Tokens of Friendship (5) – Monumental Tokens of Frienship
Friendship Day celebrations occur on different dates in different countries. The first World Friendship Day was proposed for 30 July 1958. On 27 April 2011 the General Assembly of the United Nations declared July 30 as official International Friendship Day. However, some countries, including the USA and India, celebrate Friendship Day on the first Sunday of August.
When we care about a friend, it seems natural to have the urge to show it to them by means of a gift or token. This week I bring you Tokens of Friendship.
The Statue of Liberty Enlightening the World was a gift of friendship from the people of France to the people of the United States and is a universal symbol of freedom and democracy. The Statue of Liberty was dedicated on October 28, 1886, designated as a National Monument in 1924 and restored for her centennial on July 4, 1986. (Info Source)
Corcovado, Rio de Janeiro
The Portuguese name for this statue is Cristo Redentor. The Christ monument is awe-inspiring in person.
Some sources on the internet say it is a gift from France. I am so glad I stumbled upon this page from Lonely Planet’s Rio de Janeiro guidebook. So here you go- Christ the Redeemer (Cristo Redentor), Brazil’s largest monument is not a git from France as popular urban legend has it. Many organizations helped make the statue a reality, including several individuals who went door-to-door asking for contributions. It was built to commemorate Brazil’s 100 years of Independence. So in a way we can say the Christ the Redeemer is a token of friendship, love and gratitude from Brazil’s own people. This gift took 10 years to build and it really is a gift that keeps on giving as more than 600,000 people visit it every year to bask in its grandeur and to savour the majestic scenery from Corcovado (Hunchback Mountain).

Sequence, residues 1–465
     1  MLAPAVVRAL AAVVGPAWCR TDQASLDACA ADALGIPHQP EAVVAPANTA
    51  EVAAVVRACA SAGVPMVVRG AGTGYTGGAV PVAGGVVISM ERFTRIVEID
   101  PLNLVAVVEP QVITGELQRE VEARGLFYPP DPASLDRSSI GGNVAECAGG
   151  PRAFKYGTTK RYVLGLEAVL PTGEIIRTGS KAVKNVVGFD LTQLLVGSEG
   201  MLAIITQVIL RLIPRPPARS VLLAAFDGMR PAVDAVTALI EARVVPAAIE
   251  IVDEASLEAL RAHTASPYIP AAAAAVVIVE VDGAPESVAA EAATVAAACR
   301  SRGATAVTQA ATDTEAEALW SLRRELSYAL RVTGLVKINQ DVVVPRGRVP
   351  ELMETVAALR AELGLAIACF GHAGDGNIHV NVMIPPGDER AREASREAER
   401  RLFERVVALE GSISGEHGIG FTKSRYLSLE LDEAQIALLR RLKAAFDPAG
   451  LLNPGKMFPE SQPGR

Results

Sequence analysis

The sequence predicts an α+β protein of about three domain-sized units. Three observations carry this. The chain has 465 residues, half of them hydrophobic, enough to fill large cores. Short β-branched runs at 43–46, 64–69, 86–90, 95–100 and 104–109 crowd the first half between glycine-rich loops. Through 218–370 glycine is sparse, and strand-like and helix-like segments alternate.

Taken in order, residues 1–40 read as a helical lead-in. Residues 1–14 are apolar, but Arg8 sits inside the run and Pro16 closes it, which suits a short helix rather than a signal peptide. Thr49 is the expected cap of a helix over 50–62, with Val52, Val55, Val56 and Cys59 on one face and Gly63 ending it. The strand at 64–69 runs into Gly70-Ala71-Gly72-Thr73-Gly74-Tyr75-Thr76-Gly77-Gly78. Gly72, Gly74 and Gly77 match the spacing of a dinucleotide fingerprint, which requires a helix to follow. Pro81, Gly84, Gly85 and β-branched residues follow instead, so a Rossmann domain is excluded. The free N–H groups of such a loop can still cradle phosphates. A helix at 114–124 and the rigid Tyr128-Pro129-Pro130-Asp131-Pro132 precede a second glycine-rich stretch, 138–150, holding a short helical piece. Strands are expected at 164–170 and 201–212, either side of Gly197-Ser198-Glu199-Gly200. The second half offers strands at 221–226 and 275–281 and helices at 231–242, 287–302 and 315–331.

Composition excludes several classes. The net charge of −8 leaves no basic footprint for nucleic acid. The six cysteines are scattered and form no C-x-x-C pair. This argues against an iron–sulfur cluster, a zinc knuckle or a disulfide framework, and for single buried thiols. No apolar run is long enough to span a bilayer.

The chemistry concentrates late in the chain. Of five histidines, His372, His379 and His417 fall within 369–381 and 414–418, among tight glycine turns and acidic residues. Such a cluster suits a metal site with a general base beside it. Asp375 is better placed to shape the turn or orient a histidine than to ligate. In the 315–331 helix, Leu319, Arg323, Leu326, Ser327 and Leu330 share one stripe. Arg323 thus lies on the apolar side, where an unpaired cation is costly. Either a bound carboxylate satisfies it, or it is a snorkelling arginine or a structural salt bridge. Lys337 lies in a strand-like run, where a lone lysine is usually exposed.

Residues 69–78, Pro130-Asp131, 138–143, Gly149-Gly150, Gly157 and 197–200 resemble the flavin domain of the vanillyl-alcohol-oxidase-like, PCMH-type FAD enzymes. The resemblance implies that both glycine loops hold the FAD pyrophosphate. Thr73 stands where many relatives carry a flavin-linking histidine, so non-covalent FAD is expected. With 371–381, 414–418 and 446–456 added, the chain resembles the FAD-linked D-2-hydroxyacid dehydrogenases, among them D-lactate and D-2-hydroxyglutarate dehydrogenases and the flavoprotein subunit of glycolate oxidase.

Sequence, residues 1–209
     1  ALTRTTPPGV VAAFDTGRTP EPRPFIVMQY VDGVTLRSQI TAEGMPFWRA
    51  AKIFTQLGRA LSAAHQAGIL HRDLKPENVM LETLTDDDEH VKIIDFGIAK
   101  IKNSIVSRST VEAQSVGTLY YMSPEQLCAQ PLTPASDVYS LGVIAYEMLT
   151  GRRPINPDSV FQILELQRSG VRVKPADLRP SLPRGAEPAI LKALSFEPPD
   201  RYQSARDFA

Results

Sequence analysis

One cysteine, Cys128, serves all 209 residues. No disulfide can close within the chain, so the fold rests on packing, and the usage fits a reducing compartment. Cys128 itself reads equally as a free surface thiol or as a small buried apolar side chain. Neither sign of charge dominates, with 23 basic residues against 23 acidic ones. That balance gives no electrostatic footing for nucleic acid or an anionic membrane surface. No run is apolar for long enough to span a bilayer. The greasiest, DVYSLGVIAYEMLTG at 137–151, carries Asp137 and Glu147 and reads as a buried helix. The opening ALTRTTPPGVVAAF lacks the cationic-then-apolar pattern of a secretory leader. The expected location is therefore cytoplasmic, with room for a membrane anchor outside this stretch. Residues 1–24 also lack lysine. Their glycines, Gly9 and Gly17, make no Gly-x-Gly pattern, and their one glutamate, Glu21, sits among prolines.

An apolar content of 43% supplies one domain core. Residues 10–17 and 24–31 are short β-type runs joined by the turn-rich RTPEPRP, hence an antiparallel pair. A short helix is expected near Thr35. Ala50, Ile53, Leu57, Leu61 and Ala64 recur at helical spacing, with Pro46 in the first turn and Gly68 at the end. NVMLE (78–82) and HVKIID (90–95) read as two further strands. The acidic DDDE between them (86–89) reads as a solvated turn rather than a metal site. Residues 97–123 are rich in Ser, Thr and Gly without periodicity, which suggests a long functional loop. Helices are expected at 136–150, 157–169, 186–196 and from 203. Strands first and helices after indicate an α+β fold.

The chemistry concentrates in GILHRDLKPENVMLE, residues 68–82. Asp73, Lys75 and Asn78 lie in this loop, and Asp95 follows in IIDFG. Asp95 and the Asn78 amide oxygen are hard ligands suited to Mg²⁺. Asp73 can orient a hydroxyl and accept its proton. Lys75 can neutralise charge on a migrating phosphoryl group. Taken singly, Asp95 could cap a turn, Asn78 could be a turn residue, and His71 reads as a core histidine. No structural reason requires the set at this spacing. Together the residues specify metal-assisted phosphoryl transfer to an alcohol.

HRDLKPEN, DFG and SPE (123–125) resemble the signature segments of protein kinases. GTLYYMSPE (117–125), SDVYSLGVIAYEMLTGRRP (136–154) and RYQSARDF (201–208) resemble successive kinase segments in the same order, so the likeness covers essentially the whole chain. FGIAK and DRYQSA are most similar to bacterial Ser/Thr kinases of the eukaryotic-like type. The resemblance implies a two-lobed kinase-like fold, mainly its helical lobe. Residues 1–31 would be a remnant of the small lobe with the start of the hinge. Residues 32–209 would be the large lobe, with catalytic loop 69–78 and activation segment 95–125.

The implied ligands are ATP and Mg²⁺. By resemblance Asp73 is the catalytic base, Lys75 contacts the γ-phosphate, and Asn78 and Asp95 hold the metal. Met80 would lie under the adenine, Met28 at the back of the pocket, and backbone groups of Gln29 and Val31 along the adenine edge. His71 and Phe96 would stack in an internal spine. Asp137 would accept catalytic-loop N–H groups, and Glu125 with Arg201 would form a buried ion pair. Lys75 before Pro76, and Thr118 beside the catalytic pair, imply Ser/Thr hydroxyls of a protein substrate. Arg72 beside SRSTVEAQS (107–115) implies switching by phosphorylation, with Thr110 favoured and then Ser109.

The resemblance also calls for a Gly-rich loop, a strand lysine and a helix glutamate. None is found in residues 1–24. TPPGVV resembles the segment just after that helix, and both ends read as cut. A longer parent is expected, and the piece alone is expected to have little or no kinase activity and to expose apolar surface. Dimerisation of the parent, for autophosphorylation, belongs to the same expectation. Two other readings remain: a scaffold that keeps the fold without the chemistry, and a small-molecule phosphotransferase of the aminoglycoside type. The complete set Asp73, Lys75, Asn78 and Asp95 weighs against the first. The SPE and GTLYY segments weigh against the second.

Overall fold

View some spectacular photos of Christ the Redeemer on Corcovado
Height comparison of notable statues
(sculpture 5.17 m + plinth = approximately 7.7 m)
There are many monumental tokens of Friendship around the world but for some reason it is not that easy finding images and information relating to them on the internet. I wish to just share a few images of sculptural gifts of peace and friendship that are mounted at the Nagasaki Peace Park in Japan.
In 1978 the city of Nagasaki established a “Peace Symbols Zone” on both sides of the park and invited donations of monuments from countries round the world. The following monuments can be seen in the park:
- “Relief of Friendship” from Porto, Portugal (Nagasaki’s sister city), 1978
- “Joy of Life” from Czechoslovakia, (donated to Nagasaki in 1980). The bronze statue 260 cm in height was made by Czech sculptor Jan Hána (1927–1994) in 1975.
- “A Call” from Bulgaria, 1980
- “Monument of People’s Friendship” from the former German Democratic Republic, 1981
- “Protection of Our Future” from the city of Middelburg, The Netherlands (Nagasaki’s sister city), 1983
- “Statue of Peace” from the former Union of Soviet Socialist Republics, 1985
- “Maiden of Peace” from the People’s Republic of China, 1985
- “Flower of Love and Peace” from Poland, 1986
- “Hymn to Life” from the City of Pistoia, Italy, 1987
- “Sun Crane of Peace” from the Republic of Cuba, 1988
- “Monument of Peace” from Santos, Brazil (Nagasaki’s sister city), 1988
- “Infinity” from Ankara, Republic of Turkey, 1991
- “Constellation Earth” from St. Paul, Minnesota, USA (Nagasaki’s sister city), 1992
- “Triumph of Peace over War” from the City of San Isidro, Buenos Aires, Argentina, 1996
- “Cloak of Peace”, by Te Korowai Rangimarie from New Zealand, 2006.
Bronze sculpture by Paul Granlund [1925-2003] donated by the citizens of sister city St. Paul, Minneasota (USA). “The seven human figures represent the continents. The interdependence of the figures symbolizes global peace and solidarity.”
a gift of friendship from the people of New Zealand to the people of Nagasaki – symbolises consolation, protection, and solidarity. It also expresses ambivalence, reflecting conflicting interpretations of historical events. The cloak’s form – based on a Maori feather cloak – is covered with a perforated pattern of native New Zealand kowhai flowers.
“Maiden of Peace”
A Gift from the People’s Republic of China
dedicated in 1985.